4.1  THE SIGNIFICANCE OF DIAPIRIC STRUCTURES IN HYDROCARBON ENTRAPMENT
The deformation of the overlying sediments and the sediments through which the dome has penetrated may lead to petroleum accumulation trapped either by the anticlinal form or by truncation of a reservoir by the relatively impermeable salt. Such accumulation may also be affected by faulting that resulted from the deformation (Chapman, 1973). According to Braunstein and O’brein (1968), hydrocarbon is trapped in the sediments that flank the core of rock salt and some instances it has been found in the cap rock.

            Chapman (1973) noted that diapirs may rise as sediments are expelling water and oil and so traps form as sediments are yielding oil. Mud diapir that form diapiric structures contain much organic matter and may act as a source of methane which may accumulate in diapir and associated   traps. Loverson (1967) stated that the relationship between the oil accumulation and the diapir is only structural and there are many ways to provide suitable traps in association with salt intrusion. The traps may be formed along folded or faulted flanks of the salt plug or on top of the plug where arching and /or faulting are produced in the overlying sediments.


4.2  CASE STUDY

The case study is the Niger Delta in Nigeria which has three formations: Akata , Agbada and Benin formations. Akata being the oldest while Benin being the youngest. Weber and Daukoru (1975) noted that the shale upheaval ridge occurring in Nigeria is of three different kinds:
1.      There are zones behind major growth faults.
2.      Shale bulges in front of growth faults are often observed and these bulges can sometimes act as positive elements causing collapsed crest structures and unconformities.
3.      Along the continental slop, shale bodies were extruded in a seaward direction as a result of differential loading on the plastic marine shale.
       
With continued sedimentation, these offshore clay upheaval ridges are buried like salt domes, their growth can continue. Finally, the clay ridges may develop into true diapiric structures. Result of marine survey have discovered diapiric structure beneath the continental slope and rise about 100km SE of the delta.  These diapirs appear to root deeply in the sedimentary section and the source layer may be of aptian-albian age. The absence of any notable magnetic anomaly indicates that the structures are not of volcanic origin. The seismic reflection profiles show several pillar-shaped piercement structures that look very much like salt diapirs. Thus the evaporite basins known from offshore Angola and Gabon may extend to the Nigerian offshore area.



                            SUMMARY AND CONCLUSION
      Salt diapirism under the gravitational load of overlying sediments deforms those sediments. In general, this occurs during compaction of these sediments and contemporaneous with fluid expulsion from them. The deformation creates traps for any petroleum generated and expelled from a source rock and ultimately such accumulations may be displaced to the flanks of a salt diapir when penetration of the overburden takes place. Since the salt itself has no known causal association with petroleum accumulation due to salt diapirism must be regarded as a coincidence in which the deformation of potential reservoir rock happens to take place near source bed during their compaction.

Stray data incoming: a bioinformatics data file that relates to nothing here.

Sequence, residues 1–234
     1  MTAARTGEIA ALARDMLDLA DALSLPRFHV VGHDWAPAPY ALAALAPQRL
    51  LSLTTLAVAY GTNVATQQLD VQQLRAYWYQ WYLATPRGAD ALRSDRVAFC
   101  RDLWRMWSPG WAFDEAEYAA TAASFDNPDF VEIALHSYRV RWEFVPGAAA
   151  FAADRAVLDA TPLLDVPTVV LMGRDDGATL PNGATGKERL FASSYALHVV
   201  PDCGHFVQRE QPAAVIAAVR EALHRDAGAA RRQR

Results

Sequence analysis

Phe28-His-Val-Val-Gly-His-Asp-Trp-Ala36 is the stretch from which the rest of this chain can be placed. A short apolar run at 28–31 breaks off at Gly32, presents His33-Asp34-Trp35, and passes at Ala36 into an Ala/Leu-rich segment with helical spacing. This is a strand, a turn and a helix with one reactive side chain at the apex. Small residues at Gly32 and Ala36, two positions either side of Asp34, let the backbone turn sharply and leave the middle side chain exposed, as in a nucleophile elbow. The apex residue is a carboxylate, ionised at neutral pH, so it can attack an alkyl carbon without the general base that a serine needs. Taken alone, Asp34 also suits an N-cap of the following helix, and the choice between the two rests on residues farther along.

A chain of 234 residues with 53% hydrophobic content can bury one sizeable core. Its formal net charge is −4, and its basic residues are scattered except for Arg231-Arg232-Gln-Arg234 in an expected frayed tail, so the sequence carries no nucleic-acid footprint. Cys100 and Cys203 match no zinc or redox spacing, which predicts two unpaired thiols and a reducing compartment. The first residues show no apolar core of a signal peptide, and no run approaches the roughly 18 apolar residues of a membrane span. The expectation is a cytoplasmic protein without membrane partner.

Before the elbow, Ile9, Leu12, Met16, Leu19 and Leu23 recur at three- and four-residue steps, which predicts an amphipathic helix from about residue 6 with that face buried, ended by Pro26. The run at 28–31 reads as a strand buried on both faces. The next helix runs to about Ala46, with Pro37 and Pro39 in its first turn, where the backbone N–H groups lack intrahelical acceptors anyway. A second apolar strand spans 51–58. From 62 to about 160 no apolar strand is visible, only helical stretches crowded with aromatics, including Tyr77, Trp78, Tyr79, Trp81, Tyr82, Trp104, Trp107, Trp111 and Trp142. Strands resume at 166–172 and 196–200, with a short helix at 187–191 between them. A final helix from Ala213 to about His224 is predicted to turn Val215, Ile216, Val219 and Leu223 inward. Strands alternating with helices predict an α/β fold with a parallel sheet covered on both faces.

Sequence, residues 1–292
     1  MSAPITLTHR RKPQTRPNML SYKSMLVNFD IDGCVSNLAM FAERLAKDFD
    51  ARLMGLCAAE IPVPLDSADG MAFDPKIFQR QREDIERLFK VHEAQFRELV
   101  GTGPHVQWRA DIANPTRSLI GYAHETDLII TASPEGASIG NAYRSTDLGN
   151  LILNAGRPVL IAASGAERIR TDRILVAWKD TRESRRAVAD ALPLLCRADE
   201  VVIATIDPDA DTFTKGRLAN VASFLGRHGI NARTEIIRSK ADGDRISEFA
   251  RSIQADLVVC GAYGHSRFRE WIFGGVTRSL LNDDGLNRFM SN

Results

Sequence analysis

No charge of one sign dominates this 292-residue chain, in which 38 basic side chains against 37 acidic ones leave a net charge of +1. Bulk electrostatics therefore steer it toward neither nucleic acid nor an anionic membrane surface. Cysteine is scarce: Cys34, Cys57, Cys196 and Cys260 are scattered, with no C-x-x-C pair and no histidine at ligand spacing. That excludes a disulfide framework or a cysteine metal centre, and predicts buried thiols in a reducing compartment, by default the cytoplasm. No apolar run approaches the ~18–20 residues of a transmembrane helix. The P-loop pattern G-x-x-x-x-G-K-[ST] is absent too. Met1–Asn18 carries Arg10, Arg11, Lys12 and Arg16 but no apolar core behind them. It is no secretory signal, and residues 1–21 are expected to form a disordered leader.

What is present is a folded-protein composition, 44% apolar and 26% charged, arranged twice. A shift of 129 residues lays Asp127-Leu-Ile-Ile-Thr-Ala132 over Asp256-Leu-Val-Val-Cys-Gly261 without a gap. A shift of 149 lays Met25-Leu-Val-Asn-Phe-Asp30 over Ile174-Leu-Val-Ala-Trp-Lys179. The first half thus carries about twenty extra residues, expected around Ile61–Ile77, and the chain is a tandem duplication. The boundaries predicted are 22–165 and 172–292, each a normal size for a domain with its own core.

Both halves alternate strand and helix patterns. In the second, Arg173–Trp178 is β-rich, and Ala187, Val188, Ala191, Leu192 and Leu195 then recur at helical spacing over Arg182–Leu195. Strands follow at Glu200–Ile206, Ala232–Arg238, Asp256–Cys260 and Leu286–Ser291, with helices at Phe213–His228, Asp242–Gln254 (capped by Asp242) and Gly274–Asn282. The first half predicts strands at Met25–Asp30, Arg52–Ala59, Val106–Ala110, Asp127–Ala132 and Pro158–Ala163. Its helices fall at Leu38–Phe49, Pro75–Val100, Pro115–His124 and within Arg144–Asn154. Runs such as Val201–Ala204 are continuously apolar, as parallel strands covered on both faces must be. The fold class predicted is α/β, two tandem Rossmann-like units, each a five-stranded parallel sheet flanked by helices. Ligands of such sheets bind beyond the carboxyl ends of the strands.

Clay diapirism both from an observational and theoretical point of view is a process that can begin soon after loading by burial under a permeable sequence of sediments. Mud volcanism in general is clay diapirism that expresses itself at the surface. The apparent rarity of penetrative clay diapir at depth and their occurrence at shallow depths is consistent with relative density considerations for the density inversion between clays and sands is greatest above equilibrium depth of about 500m. The stability of clay under load may remain until the clay is buried to depth greater than those at which petroleum is commonly found. Such instability and the structures resulting from it are necessary contemporaneous with the expulsion of the bulk of the interstitial fluid of a clay. In the geological context, such loading occurs typically during regressive phase of the development of a sedimentary basin where the clays or marls are loaded by a prograding permeable sequence of sediments. In petroleum context, this instability is necessarily contemporaneous with the diagenesis of organic matter in clay source rock. Hence, if the clay is wholly or partly a source rock, diapiric structures are formed contemporaneously with petroleum generation and its primary migration from the source, and petroleum may accumulate at a point lower on the fluid potential gradient between the clay and the surface.

       The association between growth structures, clay diapirism, and petroleum accumulation is therefore inferred to be a closed one, of major significance in the geology of petroleum.



                                               REFERENCES